4. Make print workflow changes

A final step is to make the suggested changes after analyzing the workflows and the reports. This is where printer automation moves from a data analytics exercise into the implementation stage, and where there are real and tangible benefits to the business.

An example of how this can help? Let’s say you find out that you have a greater need for printer outputs in one specific department such as marketing or development. Print automation looks at the big picture and can determine where you need to add another printer or copier. Printer automation then involves making these changes to the workflow and can also mean making physical changes in how devices are used and where they are located.

This is where a careful analysis and implementation strategy helps - you want to make sure any changes improve productivity and actually do automate the process for employees. Change for the sake of change won’t work, and it’s important to avoid experimentation. It’s critical that you know how automation changes will impact employee productivity and workflows.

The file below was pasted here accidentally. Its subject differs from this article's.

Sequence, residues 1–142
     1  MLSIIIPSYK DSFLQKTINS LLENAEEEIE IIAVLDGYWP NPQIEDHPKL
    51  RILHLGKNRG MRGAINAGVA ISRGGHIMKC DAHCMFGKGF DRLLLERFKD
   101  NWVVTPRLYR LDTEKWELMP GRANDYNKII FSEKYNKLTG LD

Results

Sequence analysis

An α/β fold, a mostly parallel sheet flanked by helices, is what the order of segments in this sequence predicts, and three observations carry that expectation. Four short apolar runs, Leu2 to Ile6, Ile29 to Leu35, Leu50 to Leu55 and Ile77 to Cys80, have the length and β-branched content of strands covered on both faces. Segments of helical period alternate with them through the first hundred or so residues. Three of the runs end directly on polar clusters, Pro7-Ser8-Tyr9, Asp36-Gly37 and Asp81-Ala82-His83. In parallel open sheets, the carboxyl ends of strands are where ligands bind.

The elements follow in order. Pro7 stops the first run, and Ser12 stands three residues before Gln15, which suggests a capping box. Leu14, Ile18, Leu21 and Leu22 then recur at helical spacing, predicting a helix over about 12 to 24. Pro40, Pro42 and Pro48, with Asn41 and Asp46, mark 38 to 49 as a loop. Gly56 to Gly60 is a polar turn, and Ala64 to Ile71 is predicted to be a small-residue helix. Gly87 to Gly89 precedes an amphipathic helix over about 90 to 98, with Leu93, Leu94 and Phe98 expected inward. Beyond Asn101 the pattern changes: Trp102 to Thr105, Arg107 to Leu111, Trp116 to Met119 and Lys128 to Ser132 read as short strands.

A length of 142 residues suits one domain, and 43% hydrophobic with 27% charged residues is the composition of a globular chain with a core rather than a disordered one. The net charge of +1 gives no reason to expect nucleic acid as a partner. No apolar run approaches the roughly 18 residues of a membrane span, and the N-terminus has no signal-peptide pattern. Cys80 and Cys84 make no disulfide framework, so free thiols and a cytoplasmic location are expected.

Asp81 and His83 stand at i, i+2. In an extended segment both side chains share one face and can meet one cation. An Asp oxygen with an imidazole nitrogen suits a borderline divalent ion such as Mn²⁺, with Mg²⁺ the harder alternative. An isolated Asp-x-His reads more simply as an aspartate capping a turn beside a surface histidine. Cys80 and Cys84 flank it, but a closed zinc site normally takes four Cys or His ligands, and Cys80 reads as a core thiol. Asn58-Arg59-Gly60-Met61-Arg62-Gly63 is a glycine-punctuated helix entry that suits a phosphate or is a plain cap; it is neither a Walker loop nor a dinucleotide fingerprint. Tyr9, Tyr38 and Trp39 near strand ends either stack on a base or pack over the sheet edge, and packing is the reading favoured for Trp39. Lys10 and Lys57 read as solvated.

At this stage - once you have analyzed needs, examined security issues, and made the updates required - it is critical to continue automating. Too often, companies will make a grand gesture to automate their printers, copiers, and network to accommodate new features such as biometric authentication, and then trust that this automation will last for years and years. Automation has to be ongoing, so it is best to continue the analysis and updates to stay on top of any technological advances. Automation will definitely make an impact, but it can make an even greater impact when you continue to look into changes that will help employees make the most of the network and the devices you currently own.

John Brandon

John Brandon has covered gadgets and cars for the past 12 years having published over 12,000 articles and tested nearly 8,000 products. He's nothing if not prolific. Before starting his writing career, he led an Information Design practice at a large consumer electronics retailer in the US. His hobbies include deep sea exploration, complaining about the weather, and engineering a vast multiverse conspiracy.